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Archive for September, 2007

I just came across a fascinating new blog, De Unione Ecclesiarum, written by a Greek Orthodox scholar who is working on a book about Patriarch John IX (Bekkos) of Constantinople (+1297), an early advocate of Orthodox-Catholic reunion. He explains the purpose of his blog as follows:

De unione ecclesiarum, meaning “On the Union of the Churches,” is the title of one of John Bekkos’s theological writings. It is actually an abbreviated Latin translation of a full title which, in the original Greek, goes like this: Περι της ενωσεως και ειρηνης των της παλαιας και νεας Ρωμης εκκλησιων, “On the Union and Peace of the Churches of Old and New Rome.” John Bekkos wrote this work, in all likelihood, shortly after the beginning of his patriarchate, i.e., sometime during the years 1275 or 1276 (though internal evidence leads me to think that he added some sections to it after this). This was during the time of the “Union of Lyons”: Bekkos wrote this work in defense of an ecclesiastical union between the Greek and Latin Churches which had just taken place, which he hoped would bring an end to the schism of the Churches which had already lasted some two hundred years, a schism which, in Bekkos’s view, lacked genuine theological grounds and had been the occasion of the ruin of his people.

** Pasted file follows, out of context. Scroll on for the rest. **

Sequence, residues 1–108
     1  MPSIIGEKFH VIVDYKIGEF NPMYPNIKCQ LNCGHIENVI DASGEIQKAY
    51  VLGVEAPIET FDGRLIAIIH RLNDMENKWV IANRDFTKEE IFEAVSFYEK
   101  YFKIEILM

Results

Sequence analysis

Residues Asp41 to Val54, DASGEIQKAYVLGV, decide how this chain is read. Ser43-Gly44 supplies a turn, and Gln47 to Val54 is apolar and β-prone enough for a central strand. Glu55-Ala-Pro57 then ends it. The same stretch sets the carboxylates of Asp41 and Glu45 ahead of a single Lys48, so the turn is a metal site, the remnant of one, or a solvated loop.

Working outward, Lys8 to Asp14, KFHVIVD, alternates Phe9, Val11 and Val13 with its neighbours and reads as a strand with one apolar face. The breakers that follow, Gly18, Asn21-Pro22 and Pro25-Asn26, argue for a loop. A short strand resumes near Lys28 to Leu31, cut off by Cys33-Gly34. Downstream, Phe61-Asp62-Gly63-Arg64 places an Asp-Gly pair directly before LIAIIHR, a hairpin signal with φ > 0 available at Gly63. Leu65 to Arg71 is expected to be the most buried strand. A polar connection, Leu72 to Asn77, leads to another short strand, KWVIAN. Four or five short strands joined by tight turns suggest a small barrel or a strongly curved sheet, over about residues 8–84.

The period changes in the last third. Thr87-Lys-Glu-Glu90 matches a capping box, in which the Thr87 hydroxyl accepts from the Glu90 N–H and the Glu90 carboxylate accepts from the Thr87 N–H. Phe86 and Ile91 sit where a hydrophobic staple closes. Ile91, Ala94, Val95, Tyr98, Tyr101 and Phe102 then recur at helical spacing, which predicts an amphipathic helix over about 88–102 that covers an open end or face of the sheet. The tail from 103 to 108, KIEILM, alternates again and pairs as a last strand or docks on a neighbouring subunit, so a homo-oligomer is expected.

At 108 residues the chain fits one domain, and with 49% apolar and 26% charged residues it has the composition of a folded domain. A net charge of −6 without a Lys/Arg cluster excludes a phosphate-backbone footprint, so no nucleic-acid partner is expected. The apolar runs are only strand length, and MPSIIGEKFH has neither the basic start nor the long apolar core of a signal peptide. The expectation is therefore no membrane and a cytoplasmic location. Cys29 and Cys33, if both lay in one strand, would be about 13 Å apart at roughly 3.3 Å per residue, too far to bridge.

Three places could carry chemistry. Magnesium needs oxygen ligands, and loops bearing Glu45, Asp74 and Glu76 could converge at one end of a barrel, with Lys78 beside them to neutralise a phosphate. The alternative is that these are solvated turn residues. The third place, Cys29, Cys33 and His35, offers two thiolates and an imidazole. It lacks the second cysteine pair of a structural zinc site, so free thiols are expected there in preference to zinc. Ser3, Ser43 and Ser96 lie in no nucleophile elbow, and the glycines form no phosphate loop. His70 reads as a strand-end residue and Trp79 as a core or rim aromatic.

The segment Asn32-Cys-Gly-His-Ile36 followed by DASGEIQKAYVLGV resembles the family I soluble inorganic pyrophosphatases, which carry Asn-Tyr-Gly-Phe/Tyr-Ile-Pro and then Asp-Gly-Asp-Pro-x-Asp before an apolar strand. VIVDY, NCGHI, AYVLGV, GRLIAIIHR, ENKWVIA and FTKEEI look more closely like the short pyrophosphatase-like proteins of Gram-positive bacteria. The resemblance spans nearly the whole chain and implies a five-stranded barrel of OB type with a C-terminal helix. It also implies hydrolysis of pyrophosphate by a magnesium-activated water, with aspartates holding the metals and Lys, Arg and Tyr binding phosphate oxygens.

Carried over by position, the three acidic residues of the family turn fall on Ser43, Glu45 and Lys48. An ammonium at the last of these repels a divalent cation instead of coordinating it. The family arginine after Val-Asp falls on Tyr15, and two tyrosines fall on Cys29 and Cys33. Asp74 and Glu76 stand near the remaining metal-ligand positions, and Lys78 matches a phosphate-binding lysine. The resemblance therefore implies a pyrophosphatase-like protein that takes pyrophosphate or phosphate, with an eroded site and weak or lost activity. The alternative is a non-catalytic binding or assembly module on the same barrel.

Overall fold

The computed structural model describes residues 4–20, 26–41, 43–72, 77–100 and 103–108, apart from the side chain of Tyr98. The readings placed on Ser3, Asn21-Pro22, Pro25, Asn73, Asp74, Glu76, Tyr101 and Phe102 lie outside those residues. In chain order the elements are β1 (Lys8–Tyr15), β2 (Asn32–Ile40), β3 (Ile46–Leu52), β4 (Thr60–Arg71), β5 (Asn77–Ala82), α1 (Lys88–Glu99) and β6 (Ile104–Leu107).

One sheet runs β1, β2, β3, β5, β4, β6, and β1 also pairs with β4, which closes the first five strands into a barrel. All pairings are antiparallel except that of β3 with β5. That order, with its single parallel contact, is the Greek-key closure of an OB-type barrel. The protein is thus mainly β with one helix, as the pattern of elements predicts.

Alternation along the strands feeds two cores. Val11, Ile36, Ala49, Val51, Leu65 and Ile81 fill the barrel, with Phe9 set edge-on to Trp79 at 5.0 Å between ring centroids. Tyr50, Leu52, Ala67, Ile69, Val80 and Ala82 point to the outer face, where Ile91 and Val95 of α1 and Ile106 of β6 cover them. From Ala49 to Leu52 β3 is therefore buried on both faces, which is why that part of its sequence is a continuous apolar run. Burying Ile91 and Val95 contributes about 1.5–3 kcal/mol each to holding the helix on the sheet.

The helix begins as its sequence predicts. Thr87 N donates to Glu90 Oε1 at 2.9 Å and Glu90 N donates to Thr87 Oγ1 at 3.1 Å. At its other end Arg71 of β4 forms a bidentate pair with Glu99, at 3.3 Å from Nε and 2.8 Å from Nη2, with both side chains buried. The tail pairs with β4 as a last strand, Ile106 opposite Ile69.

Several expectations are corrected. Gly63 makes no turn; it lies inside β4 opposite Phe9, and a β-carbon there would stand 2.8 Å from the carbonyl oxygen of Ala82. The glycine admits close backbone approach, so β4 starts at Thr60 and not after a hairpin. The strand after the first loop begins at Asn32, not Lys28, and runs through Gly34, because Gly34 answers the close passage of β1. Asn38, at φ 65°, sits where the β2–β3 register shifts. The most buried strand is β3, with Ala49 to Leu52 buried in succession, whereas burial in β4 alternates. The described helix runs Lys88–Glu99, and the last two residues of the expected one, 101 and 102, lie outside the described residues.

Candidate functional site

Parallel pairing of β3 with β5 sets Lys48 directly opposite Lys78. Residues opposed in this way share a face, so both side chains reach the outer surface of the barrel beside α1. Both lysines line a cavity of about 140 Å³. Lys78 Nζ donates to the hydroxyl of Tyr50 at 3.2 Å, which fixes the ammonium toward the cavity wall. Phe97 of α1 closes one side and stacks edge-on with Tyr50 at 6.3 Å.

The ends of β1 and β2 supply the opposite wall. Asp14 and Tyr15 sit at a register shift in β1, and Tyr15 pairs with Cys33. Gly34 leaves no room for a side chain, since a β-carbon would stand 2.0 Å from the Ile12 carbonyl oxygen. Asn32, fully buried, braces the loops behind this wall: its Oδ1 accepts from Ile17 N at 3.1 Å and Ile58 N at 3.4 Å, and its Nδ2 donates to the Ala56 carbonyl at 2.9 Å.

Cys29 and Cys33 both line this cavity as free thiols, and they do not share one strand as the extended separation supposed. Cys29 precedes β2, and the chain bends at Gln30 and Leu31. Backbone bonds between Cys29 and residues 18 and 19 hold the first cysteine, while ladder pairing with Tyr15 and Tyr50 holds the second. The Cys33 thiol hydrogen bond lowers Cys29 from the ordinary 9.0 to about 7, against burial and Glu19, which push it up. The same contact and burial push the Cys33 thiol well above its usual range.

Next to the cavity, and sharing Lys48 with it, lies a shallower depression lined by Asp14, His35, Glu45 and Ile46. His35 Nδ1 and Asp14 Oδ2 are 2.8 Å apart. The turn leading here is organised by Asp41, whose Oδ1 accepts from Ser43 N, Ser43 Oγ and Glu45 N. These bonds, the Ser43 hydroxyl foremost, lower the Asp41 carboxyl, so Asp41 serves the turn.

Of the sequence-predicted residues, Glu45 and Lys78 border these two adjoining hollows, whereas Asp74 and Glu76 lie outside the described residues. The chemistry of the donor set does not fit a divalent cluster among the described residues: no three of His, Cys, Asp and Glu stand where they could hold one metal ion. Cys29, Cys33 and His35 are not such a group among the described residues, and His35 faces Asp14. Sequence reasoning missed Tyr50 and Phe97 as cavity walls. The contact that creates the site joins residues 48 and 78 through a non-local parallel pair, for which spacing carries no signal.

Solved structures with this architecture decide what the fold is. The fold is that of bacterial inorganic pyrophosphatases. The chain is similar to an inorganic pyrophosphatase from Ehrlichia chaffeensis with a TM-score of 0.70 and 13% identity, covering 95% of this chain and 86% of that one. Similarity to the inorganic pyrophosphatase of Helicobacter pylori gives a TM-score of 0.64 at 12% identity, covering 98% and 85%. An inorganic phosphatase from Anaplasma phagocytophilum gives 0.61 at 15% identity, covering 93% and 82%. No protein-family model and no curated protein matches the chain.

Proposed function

As it happens, the Union of Lyons did not last for more than eight years. Bekkos was condemned by local synods at Constantinople in the years 1283 and 1285, defrocked, excommunicated, and died in prison in the year 1297 … Another attempt to heal the schism of the Churches, at the Council of Ferrara-Florence (1438-39), also failed: although some Eastern Christians accepted that union, the majority rejected it, and continue to do so. The division of the Churches, which in Bekkos’s day had lasted already two hundred years, is now closing in upon a millennium. And, although with God all things are possible, anyone who thinks that this division of the Churches is near to a commonly acceptable solution must be accounted exceedingly naive.

So why a blog titled “De unione ecclesiarum”? If it is not the view of the author of this blog that a union between the Churches is imminent, what good does it do?

Like many things to be found on the blogosphere, this blog arises out of somewhat self-serving purposes. It is, in part, an attempt by its author to get some writing done on a book he is struggling to finish; it is also an attempt by the same author to address issues which have been troubling him for many years. The question of the division of the Churches is, obviously, not only an historical question, but a question of discerning Jesus’ presence and will here and now. The weight of a thousand years of hatred, violence, and misunderstanding can easily deform the soul, making it cynical and slothful, preventing it from seeking truth, from acknowledging truth where it sees it, and from acting upon the truth that it knows. The author of this blog recognizes these deformations in himself. He is not always certain of the solution to historical and theological questions; he is quite certain that cynicism and the breeding of contempt are a bad response. This blog has been begun in the hope that it might make cynicism and contempt a little less prevalent, in himself and others.